The Film Creative Essay Paper
Order ID 53563633773 Type Essay Writer Level Masters Style APA Sources/References 4 Perfect Number of Pages to Order 5-10 Pages
The Film Creative Essay Paper
Establishing Character (400-500 words)
For this exercise, you will take on the role of a production designer (and screenwriter), constructing a fictional character through describing the mise en scene of their bedroom. Who is this bedroom’s inhabitant? What do we know about them based on this space? Your description of the mise en scene will need to communicate this to the film crew who will shoot the project and to the audience who will see the completed film.
Do not tell us anything about this character. Your classmates/TA/Professor will need to be able to surmise who this person is by virtue of the mise en scene. You’ll need to negotiate:
- The character’s individual identity. Are they extremely tidy? Messy? Does this trait exist in friction with the usual associations viewers might have with setting (e.g., a grossly messy, beautiful, affluent suburban home, or an extremely luxurious dorm room)? What is their job (student, priest, artist)?
- Their place within larger social and cultural structures. Is this space specific to a country or region? Urban or rural? Are there particular cultural markers? How would you create an environment that’s recognizable to an audience, while avoiding stereotypes? Keep in mind Shohat’s contention that ethnicities in film are ubiquitous, if often submerged.
- The genre of the work this set would appear in. Is this science fiction? If so, what kind (space opera, art film)? Is it a gritty, realist portrayal of New York City life?
- Time period. When are we? New York in the mid-1970s would be very different from New York in the late 1980s, for example.
Examples that help understand:
Production designers give the viewer information about characters through the mise en scene. For example, in this Closer Look short about designing the character Villanelle’s apartment in Killing Eve(Writer: Phoebe Waller-Bridge, BBC America 2018), the crew discusses creating the Parisian apartment for a psychopathic assassin in a way that would make the audience understand her. The film encourages us to project a certain kind of character into the space, based on the mise en scene.
Another scene from the opening of To All the Boys I’ve Loved Before(Dir. Susan Johnson, 2018; Production Designer: Paul Joyal) uses mise en scene to establish both character and genre.
Lara walks through a field in 19th-century costume; her voice over narration suggests that it’s a fantasy or parody.
The film cuts to a medium close up of her in her room, revealing that the prior scene was a fantasy brought on by the romance novel. But the decor offers some continuity between the scenes; it mimics a romantic, natural setting in the wallpaper.
The wider long shot gives us a view of the reality–a typically chaotic, messy teenager’s room. Think about how this shot establishes Lara as a character. Even if you haven’t seen the film, you might know something about the genre of the film, this character’s personality, and her family’s socioeconomic status.
You don’t have to create a teen or child character, but for other sources of inspiration, I would also point you to Adrienne Salinger’s photography book, In My Room: Teenagers in Their Bedrooms , which was photographed in the 1980s and ‘90s. Also, the James Mollison photography project, Where Children Sleep ,offers a comparative view of children’s sleeping spaces (not all of them are rooms) around the world.
It’s a remarkable project in many ways, but you can also consider whether it falls into certain stereotypes and how you might avoid doing so in your work. Reflect on how social class, gender, culture, and personality are evoked through the decor and objects. You can also consider the number of film professionals who would be involved in constructing the fictional versions of these spaces.
The Film Creative Essay Paper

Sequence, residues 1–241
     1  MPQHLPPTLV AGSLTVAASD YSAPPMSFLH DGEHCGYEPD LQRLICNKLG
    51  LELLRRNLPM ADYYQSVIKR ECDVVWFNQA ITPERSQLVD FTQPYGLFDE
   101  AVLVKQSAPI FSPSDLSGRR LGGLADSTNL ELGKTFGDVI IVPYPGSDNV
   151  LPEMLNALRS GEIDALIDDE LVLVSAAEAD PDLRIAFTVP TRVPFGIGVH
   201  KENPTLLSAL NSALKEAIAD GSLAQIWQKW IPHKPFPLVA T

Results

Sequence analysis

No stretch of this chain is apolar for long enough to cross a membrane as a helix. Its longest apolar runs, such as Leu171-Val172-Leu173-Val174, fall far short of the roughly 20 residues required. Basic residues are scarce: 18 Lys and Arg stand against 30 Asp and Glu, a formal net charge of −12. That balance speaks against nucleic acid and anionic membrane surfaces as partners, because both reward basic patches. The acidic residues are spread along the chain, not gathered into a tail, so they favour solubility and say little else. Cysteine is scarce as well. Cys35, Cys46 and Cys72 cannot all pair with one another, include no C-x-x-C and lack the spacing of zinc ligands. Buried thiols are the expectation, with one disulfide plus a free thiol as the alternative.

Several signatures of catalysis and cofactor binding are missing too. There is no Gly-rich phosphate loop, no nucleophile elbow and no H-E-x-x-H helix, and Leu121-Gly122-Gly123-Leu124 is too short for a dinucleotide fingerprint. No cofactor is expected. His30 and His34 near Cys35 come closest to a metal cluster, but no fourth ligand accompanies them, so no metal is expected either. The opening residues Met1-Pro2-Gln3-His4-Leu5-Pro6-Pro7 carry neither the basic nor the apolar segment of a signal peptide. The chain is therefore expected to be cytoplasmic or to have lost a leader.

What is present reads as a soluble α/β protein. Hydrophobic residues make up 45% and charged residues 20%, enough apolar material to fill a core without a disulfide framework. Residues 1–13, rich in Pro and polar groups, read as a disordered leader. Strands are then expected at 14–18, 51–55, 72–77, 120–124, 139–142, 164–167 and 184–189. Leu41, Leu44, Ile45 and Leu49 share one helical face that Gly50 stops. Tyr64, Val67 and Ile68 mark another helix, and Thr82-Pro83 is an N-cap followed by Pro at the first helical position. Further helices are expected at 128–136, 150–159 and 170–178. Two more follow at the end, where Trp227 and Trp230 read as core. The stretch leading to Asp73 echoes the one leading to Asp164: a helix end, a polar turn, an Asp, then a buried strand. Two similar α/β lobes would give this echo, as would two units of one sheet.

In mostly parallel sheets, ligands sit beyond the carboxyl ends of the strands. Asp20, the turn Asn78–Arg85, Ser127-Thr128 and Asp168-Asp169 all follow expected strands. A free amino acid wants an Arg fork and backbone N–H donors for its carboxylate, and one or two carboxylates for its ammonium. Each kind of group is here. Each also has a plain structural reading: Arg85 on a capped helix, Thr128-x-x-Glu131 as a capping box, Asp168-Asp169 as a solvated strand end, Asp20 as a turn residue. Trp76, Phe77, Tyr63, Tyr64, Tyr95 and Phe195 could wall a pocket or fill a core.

QUALITY OF RESPONSE NO RESPONSE POOR / UNSATISFACTORY SATISFACTORY GOOD EXCELLENT Content (worth a maximum of 50% of the total points) Zero points: Student failed to submit the final paper. 20 points out of 50: The essay illustrates poor understanding of the relevant material by failing to address or incorrectly addressing the relevant content; failing to identify or inaccurately explaining/defining key concepts/ideas; ignoring or incorrectly explaining key points/claims and the reasoning behind them; and/or incorrectly or inappropriately using terminology; and elements of the response are lacking. 30 points out of 50: The essay illustrates a rudimentary understanding of the relevant material by mentioning but not full explaining the relevant content; identifying some of the key concepts/ideas though failing to fully or accurately explain many of them; using terminology, though sometimes inaccurately or inappropriately; and/or incorporating some key claims/points but failing to explain the reasoning behind them or doing so inaccurately. Elements of the required response may also be lacking. 40 points out of 50: The essay illustrates solid understanding of the relevant material by correctly addressing most of the relevant content; identifying and explaining most of the key concepts/ideas; using correct terminology; explaining the reasoning behind most of the key points/claims; and/or where necessary or useful, substantiating some points with accurate examples. The answer is complete. 50 points: The essay illustrates exemplary understanding of the relevant material by thoroughly and correctly addressing the relevant content; identifying and explaining all of the key concepts/ideas; using correct terminology explaining the reasoning behind key points/claims and substantiating, as necessary/useful, points with several accurate and illuminating examples. No aspects of the required answer are missing. Use of Sources (worth a maximum of 20% of the total points). Zero points: Student failed to include citations and/or references. Or the student failed to submit a final paper. 5 out 20 points: Sources are seldom cited to support statements and/or format of citations are not recognizable as APA 6th Edition format. There are major errors in the formation of the references and citations. And/or there is a major reliance on highly questionable. The Student fails to provide an adequate synthesis of research collected for the paper. 10 out 20 points: References to scholarly sources are occasionally given; many statements seem unsubstantiated. Frequent errors in APA 6th Edition format, leaving the reader confused about the source of the information. There are significant errors of the formation in the references and citations. And/or there is a significant use of highly questionable sources. 15 out 20 points: Credible Scholarly sources are used effectively support claims and are, for the most part, clear and fairly represented. APA 6th Edition is used with only a few minor errors. There are minor errors in reference and/or citations. And/or there is some use of questionable sources. 20 points: Credible scholarly sources are used to give compelling evidence to support claims and are clearly and fairly represented. APA 6th Edition format is used accurately and consistently. The student uses above the maximum required references in the development of the assignment. Grammar (worth maximum of 20% of total points) Zero points: Student failed to submit the final paper. 5 points out of 20: The paper does not communicate ideas/points clearly due to inappropriate use of terminology and vague language; thoughts and sentences are disjointed or incomprehensible; organization lacking; and/or numerous grammatical, spelling/punctuation errors 10 points out 20: The paper is often unclear and difficult to follow due to some inappropriate terminology and/or vague language; ideas may be fragmented, wandering and/or repetitive; poor organization; and/or some grammatical, spelling, punctuation errors 15 points out of 20: The paper is mostly clear as a result of appropriate use of terminology and minimal vagueness; no tangents and no repetition; fairly good organization; almost perfect grammar, spelling, punctuation, and word usage. 20 points: The paper is clear, concise, and a pleasure to read as a result of appropriate and precise use of terminology; total coherence of thoughts and presentation and logical organization; and the essay is error free. Structure of the Paper (worth 10% of total points) Zero points: Student failed to submit the final paper. 3 points out of 10: Student needs to develop better formatting skills. The paper omits significant structural elements required for and APA 6th edition paper. Formatting of the paper has major flaws. The paper does not conform to APA 6th edition requirements whatsoever. 5 points out of 10: Appearance of final paper demonstrates the student’s limited ability to format the paper. There are significant errors in formatting and/or the total omission of major components of an APA 6th edition paper. They can include the omission of the cover page, abstract, and page numbers. Additionally the page has major formatting issues with spacing or paragraph formation. Font size might not conform to size requirements. The student also significantly writes too large or too short of and paper 7 points out of 10: Research paper presents an above-average use of formatting skills. The paper has slight errors within the paper. This can include small errors or omissions with the cover page, abstract, page number, and headers. There could be also slight formatting issues with the document spacing or the font Additionally the paper might slightly exceed or undershoot the specific number of required written pages for the assignment. 10 points: Student provides a high-caliber, formatted paper. This includes an APA 6th edition cover page, abstract, page number, headers and is double spaced in 12’ Times Roman Font. Additionally, the paper conforms to the specific number of required written pages and neither goes over or under the specified length of the paper.